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Historic ruling on Israeli ‘occupation’

[ Meanwhile, John Kerry said:

I am deeply disappointed by today’s International Court of Justice ruling related o Israel?s security fence. The fence is an important tool in Israel?s fight against errorism. It is not a matter for the ICJ.

–BL ]

10 July 2004 | Edinburgh Evening News

DAN WALDMAN

FOR the first time, an international court has ruled that land captured by Israel in the 1967 Middle East war is occupied territory.

The ruling was a boost for Palestinians, but Israel insists it won’t change its policy.

Yesterday?s decision by the International Court of Justice in the Netherlands referred to the West Bank and East Jerusalem as occupied territories and Israeli settlements in these areas as a violation of the Geneva conventions.

The statements came in a ruling on a 425-mile-long barrier in the West Bank, built by the Israelis to protect themselves against militant attacks.

The Palestinians, whose lives in some places have been severely disrupted by the complex of high concrete walls, razor-wire fences, trenches and watch towers, requested that the UN General Assembly ask the world court about the legality of the barrier.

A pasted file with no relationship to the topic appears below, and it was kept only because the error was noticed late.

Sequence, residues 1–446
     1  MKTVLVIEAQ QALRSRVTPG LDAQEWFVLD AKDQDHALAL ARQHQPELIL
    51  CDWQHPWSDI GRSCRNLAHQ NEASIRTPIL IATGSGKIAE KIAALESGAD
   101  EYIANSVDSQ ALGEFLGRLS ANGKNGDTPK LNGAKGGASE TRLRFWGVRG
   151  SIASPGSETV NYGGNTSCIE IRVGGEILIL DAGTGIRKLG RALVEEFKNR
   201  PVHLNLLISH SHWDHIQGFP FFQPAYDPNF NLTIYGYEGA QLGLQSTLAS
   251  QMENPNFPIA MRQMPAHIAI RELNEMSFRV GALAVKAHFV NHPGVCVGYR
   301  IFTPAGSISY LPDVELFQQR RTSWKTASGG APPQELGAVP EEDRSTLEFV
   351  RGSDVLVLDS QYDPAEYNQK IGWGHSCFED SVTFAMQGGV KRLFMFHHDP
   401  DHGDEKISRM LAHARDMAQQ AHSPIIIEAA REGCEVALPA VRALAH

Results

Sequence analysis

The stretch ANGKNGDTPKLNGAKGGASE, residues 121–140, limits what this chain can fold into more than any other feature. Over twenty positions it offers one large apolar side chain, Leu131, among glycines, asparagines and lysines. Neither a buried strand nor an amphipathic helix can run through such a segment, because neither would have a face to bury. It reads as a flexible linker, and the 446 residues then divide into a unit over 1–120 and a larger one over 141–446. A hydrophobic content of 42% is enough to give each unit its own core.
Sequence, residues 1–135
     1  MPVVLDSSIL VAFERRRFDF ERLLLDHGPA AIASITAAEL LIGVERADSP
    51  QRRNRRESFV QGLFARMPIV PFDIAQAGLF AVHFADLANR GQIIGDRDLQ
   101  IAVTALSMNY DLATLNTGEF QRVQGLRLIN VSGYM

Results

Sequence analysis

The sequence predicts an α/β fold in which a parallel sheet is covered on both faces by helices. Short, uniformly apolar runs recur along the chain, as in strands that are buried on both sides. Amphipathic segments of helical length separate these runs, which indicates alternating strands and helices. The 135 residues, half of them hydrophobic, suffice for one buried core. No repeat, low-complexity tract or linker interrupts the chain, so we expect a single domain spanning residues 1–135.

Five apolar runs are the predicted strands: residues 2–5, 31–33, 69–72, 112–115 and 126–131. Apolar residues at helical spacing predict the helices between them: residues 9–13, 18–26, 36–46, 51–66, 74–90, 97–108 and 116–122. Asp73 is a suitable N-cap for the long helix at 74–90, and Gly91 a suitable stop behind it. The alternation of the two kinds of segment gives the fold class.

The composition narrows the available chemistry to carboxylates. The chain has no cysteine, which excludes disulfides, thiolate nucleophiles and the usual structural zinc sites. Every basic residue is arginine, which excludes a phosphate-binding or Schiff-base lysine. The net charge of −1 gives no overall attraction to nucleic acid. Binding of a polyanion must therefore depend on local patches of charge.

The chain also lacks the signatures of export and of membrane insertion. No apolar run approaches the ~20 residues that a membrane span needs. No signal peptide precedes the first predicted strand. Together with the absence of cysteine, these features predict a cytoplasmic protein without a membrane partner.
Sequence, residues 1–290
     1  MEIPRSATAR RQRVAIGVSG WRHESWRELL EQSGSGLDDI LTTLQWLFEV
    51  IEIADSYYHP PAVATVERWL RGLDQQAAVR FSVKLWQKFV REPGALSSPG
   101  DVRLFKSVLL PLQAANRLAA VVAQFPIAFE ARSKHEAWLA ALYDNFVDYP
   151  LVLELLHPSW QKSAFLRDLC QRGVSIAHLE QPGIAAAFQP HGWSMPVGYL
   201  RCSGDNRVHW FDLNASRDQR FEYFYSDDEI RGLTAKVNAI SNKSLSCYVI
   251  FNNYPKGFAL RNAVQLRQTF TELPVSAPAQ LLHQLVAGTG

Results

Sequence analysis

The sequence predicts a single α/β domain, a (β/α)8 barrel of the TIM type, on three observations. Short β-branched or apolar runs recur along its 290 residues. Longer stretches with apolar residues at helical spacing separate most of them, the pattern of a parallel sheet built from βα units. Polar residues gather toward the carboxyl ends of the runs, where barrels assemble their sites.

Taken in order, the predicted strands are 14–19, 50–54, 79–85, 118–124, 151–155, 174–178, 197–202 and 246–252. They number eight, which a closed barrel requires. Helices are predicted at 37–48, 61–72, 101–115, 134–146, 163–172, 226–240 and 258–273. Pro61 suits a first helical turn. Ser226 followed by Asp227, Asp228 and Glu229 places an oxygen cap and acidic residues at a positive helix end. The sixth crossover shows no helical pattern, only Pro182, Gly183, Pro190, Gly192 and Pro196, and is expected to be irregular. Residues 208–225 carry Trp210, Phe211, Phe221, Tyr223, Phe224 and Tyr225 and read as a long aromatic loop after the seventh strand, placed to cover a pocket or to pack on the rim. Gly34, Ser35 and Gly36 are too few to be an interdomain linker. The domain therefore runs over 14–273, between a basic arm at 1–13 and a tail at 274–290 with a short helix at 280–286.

An Israeli Foreign Ministry official said the court gave the Palestinians more than they expected, but that the ruling would not change anything.

“Basically, this is just United Nations language,” said the official, speaking on condition of anonymity. “For international law, language is always disputable. The international court is a respected body, but I don’t think this really makes any difference.”

However, an expert in international law said the ruling carried weight, describing it as a landmark in the conflict.

“Since 1967, Israel claimed that the West Bank was not occupied territory,” said Eyal Benvenisti, a senior law professor at the University of Tel Aviv. “It based this on its own peculiar interpretation. That interpretation was rejected today.”

Palestinian officials hailed the decision as significant.

Palestinian Cabinet Minister Saeb Erakat said: “This is the first time the international court has stated that the occupation and the settlements are illegal. I hope Israel will stop thinking it is above the laws of man.”

Officials on both sides are urging a return to the negotiating table. Israel maintains that the matter will not be decided by an international court. But Palestinian leader Yasser Arafat, hailing the ruling as “a victory for justice,” said the Palestinians would now turn to the UN.

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